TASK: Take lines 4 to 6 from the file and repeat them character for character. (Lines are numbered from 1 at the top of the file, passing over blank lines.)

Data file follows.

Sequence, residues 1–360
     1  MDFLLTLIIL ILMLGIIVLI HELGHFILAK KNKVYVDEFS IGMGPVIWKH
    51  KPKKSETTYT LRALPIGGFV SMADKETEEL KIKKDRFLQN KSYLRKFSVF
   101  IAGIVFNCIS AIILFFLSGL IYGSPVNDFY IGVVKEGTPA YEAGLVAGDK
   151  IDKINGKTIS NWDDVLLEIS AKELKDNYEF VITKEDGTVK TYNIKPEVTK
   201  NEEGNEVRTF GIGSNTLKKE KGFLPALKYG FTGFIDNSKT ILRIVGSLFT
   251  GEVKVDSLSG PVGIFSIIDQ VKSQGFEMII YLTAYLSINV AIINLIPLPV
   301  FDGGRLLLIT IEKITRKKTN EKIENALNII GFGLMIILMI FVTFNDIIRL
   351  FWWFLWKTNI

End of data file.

   101  IAGIVFNCIS AIILFFLSGL IYGSPVNDFY IGVVKEGTPA YEAGLVAGDK
   151  IDKINGKTIS NWDDVLLEIS AKELKDNYEF VITKEDGTVK TYNIKPEVTK
   201  NEEGNEVRTF GIGSNTLKKE KGFLPALKYG FTGFIDNSKT ILRIVGSLFT